Posts Tagged 'Look at That game'

Progress!

Today was a day of hope on some fronts and tangible improvement on others. I thought I’d share with the class.

Hope

I have been working with the consumer affairs division of the district attorney and attorney general’s office for my region to try to get some help dealing with my purple powerchair nightmare.

(If you’re new to this blog, just click on “Assistive Tech – Powerchairs” in the Dogegory cloud in the menu bar on the right, and you’ll find scores of posts. The upshot, though, is that I bought a specialized wheelchair in order to be able to walk Barnum in my rural area, and it has been dead most of the time I’ve had it, no matter how many times it gets “fixed.”)

It was not going well, and I was resigning myself to the likelihood that I’d have to hire a private attorney and sue. I’ve never filed a suit in my life, and the idea of the mental and emotional work it would take, not to mention the physical effort, is extremely unappealing. I really don’t want to spend my precious energy that way. I also just never thought of myself as the kind of person who files lawsuits, you know?

Today, however, I heard from someone at the business where I got my chair who is new to the organization and is coming on board to “put out fires.” Apparently, I’m one of the larger fires, and having the state’s AG involved seems to be issuing more smoke on my behalf. He listened and was sympathetic, which was a really nice change of pace. He also let me know that they are having a lot of internal problems that are interfering with them responding to my demands.

So, I don’t know what will come of this, but it was the first time I have felt like somebody at their end cared and remotely “got it” about the situation. I’ll be emailing him some documents, and we’ll speak again. I’m afraid to get my hopes up, in case this doesn’t work out, but at least there is a glimmer now that there may be some sort of resolution I can work with.

Progress!

I have finally decided to take my own advice and only do retrieve training (work with the dumbbells) for extremely short sessions. This had been my plan for a long time, but I’m so desperate to get our trained retrieve, that if he was enthusiastic and showing progress, I always wanted to do “just one more.” That is a very common pitfall among clicker trainers. I know this, and yet, I kept doing it!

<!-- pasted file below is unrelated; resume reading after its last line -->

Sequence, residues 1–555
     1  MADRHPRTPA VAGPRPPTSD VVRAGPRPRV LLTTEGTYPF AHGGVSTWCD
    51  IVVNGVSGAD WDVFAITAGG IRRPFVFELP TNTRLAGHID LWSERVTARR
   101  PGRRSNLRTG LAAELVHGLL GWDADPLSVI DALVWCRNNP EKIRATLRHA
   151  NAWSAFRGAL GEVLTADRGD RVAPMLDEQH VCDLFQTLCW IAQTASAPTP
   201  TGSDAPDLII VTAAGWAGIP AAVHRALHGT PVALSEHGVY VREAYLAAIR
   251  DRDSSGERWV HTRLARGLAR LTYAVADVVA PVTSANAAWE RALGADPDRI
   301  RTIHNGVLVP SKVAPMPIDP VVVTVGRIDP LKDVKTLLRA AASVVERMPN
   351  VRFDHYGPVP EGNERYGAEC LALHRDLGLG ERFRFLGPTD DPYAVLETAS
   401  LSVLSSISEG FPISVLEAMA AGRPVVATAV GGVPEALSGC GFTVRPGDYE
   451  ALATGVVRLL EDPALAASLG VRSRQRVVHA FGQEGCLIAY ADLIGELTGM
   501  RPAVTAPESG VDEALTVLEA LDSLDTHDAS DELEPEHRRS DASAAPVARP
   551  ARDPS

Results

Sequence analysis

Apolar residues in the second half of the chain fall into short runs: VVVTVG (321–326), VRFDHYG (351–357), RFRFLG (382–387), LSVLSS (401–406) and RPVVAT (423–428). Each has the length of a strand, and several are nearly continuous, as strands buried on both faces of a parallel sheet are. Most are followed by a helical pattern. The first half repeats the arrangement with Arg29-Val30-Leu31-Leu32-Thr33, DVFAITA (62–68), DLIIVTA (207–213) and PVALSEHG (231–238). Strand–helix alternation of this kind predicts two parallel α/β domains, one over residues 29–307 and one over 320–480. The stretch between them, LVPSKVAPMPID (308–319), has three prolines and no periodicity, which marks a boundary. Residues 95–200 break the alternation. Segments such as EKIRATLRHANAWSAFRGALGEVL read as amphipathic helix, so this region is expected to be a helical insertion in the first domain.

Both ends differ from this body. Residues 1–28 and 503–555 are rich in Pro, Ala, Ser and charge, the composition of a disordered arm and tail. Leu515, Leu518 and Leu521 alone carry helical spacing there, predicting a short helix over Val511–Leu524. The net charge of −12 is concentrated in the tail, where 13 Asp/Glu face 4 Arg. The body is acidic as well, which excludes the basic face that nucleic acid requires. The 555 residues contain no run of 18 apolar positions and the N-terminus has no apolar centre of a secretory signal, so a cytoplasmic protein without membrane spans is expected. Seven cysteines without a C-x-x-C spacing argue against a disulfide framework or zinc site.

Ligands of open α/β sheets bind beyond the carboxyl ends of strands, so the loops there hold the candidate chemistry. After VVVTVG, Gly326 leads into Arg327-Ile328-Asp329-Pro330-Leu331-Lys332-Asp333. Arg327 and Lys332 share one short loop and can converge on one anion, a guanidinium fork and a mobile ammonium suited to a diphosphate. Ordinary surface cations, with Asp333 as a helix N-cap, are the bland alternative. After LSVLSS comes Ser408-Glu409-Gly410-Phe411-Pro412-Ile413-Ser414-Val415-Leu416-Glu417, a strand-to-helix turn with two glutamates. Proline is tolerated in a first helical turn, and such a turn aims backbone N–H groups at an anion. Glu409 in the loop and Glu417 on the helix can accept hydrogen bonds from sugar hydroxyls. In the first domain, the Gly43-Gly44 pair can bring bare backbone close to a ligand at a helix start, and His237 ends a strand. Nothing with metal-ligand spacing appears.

It’s just crucial that a service dog is excited and eager to do the tasks that you need, because you can’t force a dog to help you, especially if he has to choose between doing a requested behavior versus playing, eating, or napping. Since the trained retrieve is the basis for the great majority of service skills, the foundation is supremely important. The ideal is to train for demand, meaning the dog isn’t just willing to work, but is demanding it. This is something Gadget often did, and I appreciated it, but I didn’t have to work for it with him; he was just naturally eager. With Barnum, oh yes, I am working for it!

My ideal was three sessions a day with the dumbbells, of three to five reps each session; but I was doing seven or 10 reps instead. This sometimes led to Barnum becoming frustrated or bored, and his performance would suffer accordingly. So, I finally stopped that and decided to follow my own rules. It’s going great!

Today, we have done two sessions so far (hope to squeeze in at least one more), and each time he held the dumbbell, on his own, without dropping it. I have also started doing distracting things like tapping the top of his head or  his lips (very annoying to him) or waving treats around in front of him, and he is keeping his hold. Hopefully I’ll get some video soon to post. GOOD BOY!

I have to go back and read the Training Levels for retrieve, because we are past where I’d read for Level 3 and Level 4, and I need to find out what comes next.

Improvement!

Barnum and I had another walk today, almost an hour long. Ideally, I’d like to get us doing two hours, but I’m working my way up slowly. (My body won’t be up to that every time, at any rate. But, fall is coming, so I want to get in as much walking as possible before I’m grounded again.)

He got all excited when he saw me putting on shoes — something I don’t do unless I’m going out. (Hand factoid: one of the bonuses of being inside and in bed most of the time is very soft feet!) When I got into a wheelchair with extended leg rests, his hopes were confirmed. Recently, he has not shown enthusiasm at being told he’s going for a walk, so this was a harbinger of things to come.

He was very bouncy and perky for most of the walk, and he still  managed to keep a loose leash almost all the time, even though I tried us going at a faster pace (something that used to flip his “charge ahead” switch). Throughout the walk he gave me tons of eye contact and almost constant focus. I actually allowed him leeway to wander and sniff on the rare occasions he was inclined, even permitting minor leash tension, because I want him to enjoy the walks, and not just have them be an endless work session.